Island of Lost Souls
Director - Erle C. Kenton
Cast - Charles Laughton, Bela Lugosi, Richard Arlen
Country of Origin - U.S.
Discs - 1
MSRP - $29.95
Distributor - Criterion
Reviewer - Scott MacDonald
The Film (4.5/5)
My first experience with Island of Lost Souls came with a late night TV viewing in the mid-90's. I had read the H.G. Wells short story the Island of Dr. Moreau, and had recently seen the terrible John Frankenheimer adaptation of the material, but had never even heard of a prior cinematic version existing. When I watched this I had no expectations, the credits mentioned Charles Laughton and Bela Lugosi.
I had yet to come across any film with Laughton that had disappointed me, but I had been exposed to some of Bela's Poverty Row material through a VHS box set a friend received a few Christmases prior, so I knew it could go either way. I was happy to discover not only was it a great Moreau adaptation, but quite possibly one of the finest horror films of the early 1930's horror era, and that is saying something considering all the great horror films was creating with their soon to be iconic monsters.
Island of Lost Souls tells the deceptively simple story of Edward Parker, a seaman who is rescued after days alone at sea after his ship sank by the crew of a passing cargo ship. The ship's Doctor named Montgomery played by Arthur Hohl helps him on the road to recovery, and also gets a telegram out to his fiancee who is waiting for him to arrive at his destination so that they can be married. Unfortunately, for Parker, he comes to a disagreement with the ship's Captain, and when Montgomery departs with his Cargo of exotic animals at an uncharted island, Parker is left with him with no way to contact his fiancee or reach home.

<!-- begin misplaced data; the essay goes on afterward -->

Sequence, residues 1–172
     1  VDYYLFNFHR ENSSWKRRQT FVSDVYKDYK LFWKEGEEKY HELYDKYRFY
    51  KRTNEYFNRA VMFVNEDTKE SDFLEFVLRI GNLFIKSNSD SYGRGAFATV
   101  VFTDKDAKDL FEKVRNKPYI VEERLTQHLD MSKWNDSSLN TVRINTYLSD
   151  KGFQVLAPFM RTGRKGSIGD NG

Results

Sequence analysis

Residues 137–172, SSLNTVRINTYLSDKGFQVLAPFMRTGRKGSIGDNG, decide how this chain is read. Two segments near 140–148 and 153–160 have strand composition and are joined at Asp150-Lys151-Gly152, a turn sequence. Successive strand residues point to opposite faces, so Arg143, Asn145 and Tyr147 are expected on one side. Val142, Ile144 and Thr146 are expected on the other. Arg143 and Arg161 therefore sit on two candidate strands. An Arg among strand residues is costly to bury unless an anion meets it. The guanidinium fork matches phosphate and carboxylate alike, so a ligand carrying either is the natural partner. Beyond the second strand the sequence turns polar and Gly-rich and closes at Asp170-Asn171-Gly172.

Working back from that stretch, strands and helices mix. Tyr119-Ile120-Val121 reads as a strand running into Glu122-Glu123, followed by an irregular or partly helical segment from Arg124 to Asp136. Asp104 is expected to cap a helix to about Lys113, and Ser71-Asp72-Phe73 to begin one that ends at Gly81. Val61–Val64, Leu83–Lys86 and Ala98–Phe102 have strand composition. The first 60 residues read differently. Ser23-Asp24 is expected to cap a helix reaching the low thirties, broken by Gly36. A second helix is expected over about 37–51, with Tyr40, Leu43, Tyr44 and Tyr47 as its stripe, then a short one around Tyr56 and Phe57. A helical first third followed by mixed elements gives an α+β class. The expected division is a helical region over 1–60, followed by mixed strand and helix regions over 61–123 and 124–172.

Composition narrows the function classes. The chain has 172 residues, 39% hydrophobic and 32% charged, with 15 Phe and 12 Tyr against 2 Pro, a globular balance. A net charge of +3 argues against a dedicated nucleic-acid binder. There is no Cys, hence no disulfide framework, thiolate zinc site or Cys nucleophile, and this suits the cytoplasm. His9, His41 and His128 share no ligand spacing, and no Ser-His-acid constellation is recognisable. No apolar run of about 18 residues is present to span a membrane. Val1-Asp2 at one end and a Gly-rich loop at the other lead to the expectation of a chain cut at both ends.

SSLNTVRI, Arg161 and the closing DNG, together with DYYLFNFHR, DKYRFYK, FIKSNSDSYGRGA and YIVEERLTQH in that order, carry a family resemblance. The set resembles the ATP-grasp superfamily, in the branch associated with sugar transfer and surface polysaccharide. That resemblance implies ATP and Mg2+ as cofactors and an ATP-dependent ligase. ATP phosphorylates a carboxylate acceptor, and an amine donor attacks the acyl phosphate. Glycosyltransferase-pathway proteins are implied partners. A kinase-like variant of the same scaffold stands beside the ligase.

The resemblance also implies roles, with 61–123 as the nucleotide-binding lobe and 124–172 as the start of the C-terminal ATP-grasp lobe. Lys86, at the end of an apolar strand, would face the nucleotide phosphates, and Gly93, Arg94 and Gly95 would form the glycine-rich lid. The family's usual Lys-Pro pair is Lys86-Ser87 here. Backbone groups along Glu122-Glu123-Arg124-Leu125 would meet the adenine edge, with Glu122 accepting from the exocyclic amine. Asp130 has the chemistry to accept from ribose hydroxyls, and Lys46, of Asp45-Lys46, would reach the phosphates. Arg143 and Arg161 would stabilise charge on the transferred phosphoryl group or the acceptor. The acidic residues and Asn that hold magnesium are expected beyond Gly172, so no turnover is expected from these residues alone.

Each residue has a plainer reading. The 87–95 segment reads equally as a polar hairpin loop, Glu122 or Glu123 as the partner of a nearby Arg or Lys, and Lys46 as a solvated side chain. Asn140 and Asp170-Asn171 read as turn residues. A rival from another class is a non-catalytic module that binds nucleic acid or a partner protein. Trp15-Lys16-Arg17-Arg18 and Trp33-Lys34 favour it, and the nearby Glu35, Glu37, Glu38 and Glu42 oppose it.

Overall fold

It turns out that Montgomery works for the island's owner the titular Dr. Moreau, who was run out of London, England 12 years prior with Montgomery for crimes against nature. These crimes had to do with scientific experimentation on animals, and trying to bring them closer to a humanoid form. On this island he continues these experiments with varying results. Some of the inhabitants look very human like Lota, the panther woman, who Moreau decides to attempt to mate with Parker. Other are more animal-istic in their nature, and are punished by Moreau for their failure to evolve by harder labor (such as manually powering the island). There are others closer to the Panther woman such as one of the Beast-men village leader's played by Bela Lugosi. Moreau rules over this island of misfit creatures like a King, and lays down a very specific set of laws for both the safety of the island, and the forwarding of his experiments. In the end Parker's fiancee does come to rescue him, and while I was excited to see that conclusion of his story, I was more involved in bizarre atmosphere of the Island than the story itself, which is the only real negative I can find with the movie itself.
When watching Island of Lost Souls all I could think is how the film would make a great triple feature with Tod Browning's Freaks and Cooper and Schoedsack's original King Kong, as it seems to take the bizarre atmosphere of the former, and the great special effects, and island location of the latter. Island of Lost Souls feels like it could very well be one of the first special effects spectacles in the horror genre. It is said within the liner notes to this DVD/BD release, that early audiences who saw this in the theater, were sickened by what they saw on the screen. And while time has definitely tempered our violent expectation in consideration of what has come in between the violence presented in Island of Lost Souls is still quite effective. The real star of the show are the creatures, and the makeup used to create them not only holds up as an excellent example of it's era, but just simply fantastic effects that still would be effective in a genre film today.